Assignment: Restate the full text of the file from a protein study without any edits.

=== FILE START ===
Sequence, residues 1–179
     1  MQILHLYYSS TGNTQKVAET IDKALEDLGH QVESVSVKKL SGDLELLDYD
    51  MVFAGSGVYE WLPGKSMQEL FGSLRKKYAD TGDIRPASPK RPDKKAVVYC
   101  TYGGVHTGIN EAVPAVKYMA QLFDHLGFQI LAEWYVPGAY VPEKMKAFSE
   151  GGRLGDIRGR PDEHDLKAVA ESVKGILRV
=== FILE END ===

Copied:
Sequence, residues 1–179
     1  MQILHLYYSS TGNTQKVAET IDKALEDLGH QVESVSVKKL SGDLELLDYD
    51  MVFAGSGVYE WLPGKSMQEL FGSLRKKYAD TGDIRPASPK RPDKKAVVYC
   101  TYGGVHTGIN EAVPAVKYMA QLFDHLGFQI LAEWYVPGAY VPEKMKAFSE
   151  GGRLGDIRGR PDEHDLKAVA ESVKGILRV